Table 2 The differentially expressed cytokines which high expressed in the co-culture group and hAMSCs group but low expressed in the LX-2 group

hAMSCs-derived Dkk-3 and Dkk-1 inhibited HSCs activation through blocking Wnt/β-catenin signaling pathway

Dkk-3 and Dkk-1, which have been proved to be highly expressed in the co-culture group and hAMSCs group compared to LX-2 group (Table 2 and Fig. 6A), are two antagonists of Wnt/β-catenin signaling. In order to confirm whether the Wnt/β-catenin pathway is necessary for the activation of HSCs, the activated LX-2 cells were treated with or without β-catenin inhibitor ICG001 (10 μM and 20 μM). The results showed that ICG001 inhibited the expression of β-catenin, TGF-β, and α-SMA and increased the expression of PPAR-γ, indicating that Wnt/β-catenin pathway was involved in the activation of HSCs (Fig. 6B). To further explore the association between the anti-fibrosis effect of hAMSCs and Wnt/β-catenin signaling pathway in liver fibrosis, the expression levels of several proteins involved in Wnt/β-catenin signaling pathway in LX-2 were examined by western blot. As shown in Fig. 6C, both hAMSCs and hAMSC-CM downregulated the phosphorylation of GSK3β and the expression of β-catenin and α-SMA. Knockdown of the DKK-3 and DKK-1 gene with their siRNA resulted in an approximate 75% and 68% reduction in the protein levels of DKK-3 and DKK-1, respectively (Fig. 6D, E). Then, the LX-2 cells were treated with normal hAMSCs or hAMSCs transfected with DKK-3 and DKK-1 siRNA. The hAMSCs transfected with DKK-3 and DKK-1 siRNA partially lost the ability of suppressing the expressions of β-catenin and α-SMA in LX-2 cells (Fig. 6F). These results demonstrated that DKK-3 and DKK-1 derived from hAMSCs inhibited LX-2 cell activation through blocking canonical Wnt signaling pathway.

Fig. 6
figure 6

DKK-3 and DKK-1 derived from hAMSCs inhibit LX-2 cell activation through blocking canonical Wnt signaling pathway. A Representative array images are shown (n = 4). DKK-3 and DKK-1 are highlighted with red boxes and arrows, accordingly. B Western blot detection of β-catenin, PPAR-γ, TGF-β, and α-SMA protein expression in LX-2 after ICG001 treatment. The normal LX-2 was used as control. C LX-2 cells were treated with normal medium (control), hAMSCs, and hAMSC-CM. The expression levels of GSK3β, P-GSK3β, β-catenin, and α-SMA in LX-2 cells of different groups were analyzed by western blot after 48 h of treatment. D LX-2 was cultured for 48 h in the presence of control siRNA or DKK-1/DKK-3 siRNA. Cell lysates were analyzed by western blot using antibodies against DKK-1 and DKK-3. E Quantitative analysis of the expression of DKK-1 and DKK-3 in hAMSCs cells of different groups as in (D). F Western blot analysis showed that the accumulation of β-catenin and the expression of α-SMA were increased in DKK-1 siRNA, DKK-3 siRNA, and DKK-1 + DKK-3 siRNA group when compared with control siRNA group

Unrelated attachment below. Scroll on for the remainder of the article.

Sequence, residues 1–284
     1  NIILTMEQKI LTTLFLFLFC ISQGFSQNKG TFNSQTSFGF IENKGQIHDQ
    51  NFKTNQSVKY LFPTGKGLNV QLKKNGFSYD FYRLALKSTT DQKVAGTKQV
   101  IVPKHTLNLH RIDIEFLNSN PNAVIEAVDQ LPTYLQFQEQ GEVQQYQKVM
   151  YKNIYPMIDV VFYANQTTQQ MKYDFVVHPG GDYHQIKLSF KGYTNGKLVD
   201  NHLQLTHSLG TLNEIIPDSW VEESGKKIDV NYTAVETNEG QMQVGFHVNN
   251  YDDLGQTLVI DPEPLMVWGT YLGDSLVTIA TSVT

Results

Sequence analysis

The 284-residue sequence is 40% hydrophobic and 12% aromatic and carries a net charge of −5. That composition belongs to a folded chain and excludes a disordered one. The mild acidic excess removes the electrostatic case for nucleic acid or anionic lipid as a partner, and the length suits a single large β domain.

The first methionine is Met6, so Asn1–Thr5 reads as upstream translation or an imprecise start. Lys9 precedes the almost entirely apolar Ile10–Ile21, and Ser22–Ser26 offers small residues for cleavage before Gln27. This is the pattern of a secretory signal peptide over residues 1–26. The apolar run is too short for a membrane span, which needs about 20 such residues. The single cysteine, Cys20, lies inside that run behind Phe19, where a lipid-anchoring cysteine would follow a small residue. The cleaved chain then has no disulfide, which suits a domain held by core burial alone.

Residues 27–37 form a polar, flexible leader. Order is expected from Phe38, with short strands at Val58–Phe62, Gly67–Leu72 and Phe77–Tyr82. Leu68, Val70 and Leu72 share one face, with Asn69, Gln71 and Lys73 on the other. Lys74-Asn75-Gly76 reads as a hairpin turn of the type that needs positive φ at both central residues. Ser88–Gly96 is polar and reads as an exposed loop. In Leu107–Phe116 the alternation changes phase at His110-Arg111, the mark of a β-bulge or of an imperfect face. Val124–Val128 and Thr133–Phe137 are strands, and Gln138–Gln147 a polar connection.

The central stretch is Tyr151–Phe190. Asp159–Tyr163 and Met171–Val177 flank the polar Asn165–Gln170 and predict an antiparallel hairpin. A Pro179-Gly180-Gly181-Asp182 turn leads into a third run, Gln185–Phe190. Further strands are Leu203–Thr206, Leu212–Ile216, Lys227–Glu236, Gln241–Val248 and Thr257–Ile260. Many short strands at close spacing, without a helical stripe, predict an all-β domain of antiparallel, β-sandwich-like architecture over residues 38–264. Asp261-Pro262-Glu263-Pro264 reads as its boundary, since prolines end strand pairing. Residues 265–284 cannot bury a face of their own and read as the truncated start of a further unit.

hAMSCs-derived IGFBP3 inhibited HSCs activation through blocking PI3K/AKT-Wnt/β-catenin signaling pathway

IGFBP3 was the cytokine with the highest concentration in the co-culture group and hAMSCs group but was not detectable in the LX-2 group (Fig. 7A), which controls the bioavailability and bioactivity of IGF. IGF/IGF-1R has the ability to activate PI3K/AKT pathway by triggering receptor and intracellular targets phosphorylation [24]. As shown in Fig. 7B, both hAMSCs and hAMSC-CM downregulated the phosphorylation of IGF-1R, PI3K, and AKT. The activated LX-2 cells were treated with or without PI3K inhibitor LY294002 (30 μM and 50 μM) to confirm whether the PI3K/AKT pathway is necessary for the activation of HSCs. The results showed that LY294002 inhibited the phosphorylation of AKT and GSK3β, and the expressions of β-catenin, TGF-β, and α-SMA were decreased in LX-2 cells treated with LY294002 compared to controls (Fig. 7C). These results indicated that PI3K/AKT-mediated the activation of HSCs was dependent on inhibition of Wnt/β-catenin signaling pathway. To silence the IGFBP-3 gene, the siRNA targeting IGFBP-3 was transfected into normal hAMSCs and resulted in an approximate 68% reduction in IGFBP-3 protein levels (Fig. 7D, E). Then, LX-2 cells were treated with normal hAMSCs or hAMSCs transfected with IGFBP-3 siRNA. The results showed that hAMSCs transfected with IGFBP-3 siRNA partially lost the ability of suppressing the phosphorylation of AKT and the expressions of β-catenin and α-SMA in LX-2 cells (Fig. 7F). These results indicated that IGFBP-3 derived from hAMSCs inhibits LX-2 cell activation through blocking PI3K/AKT-Wnt/β-catenin signaling pathway.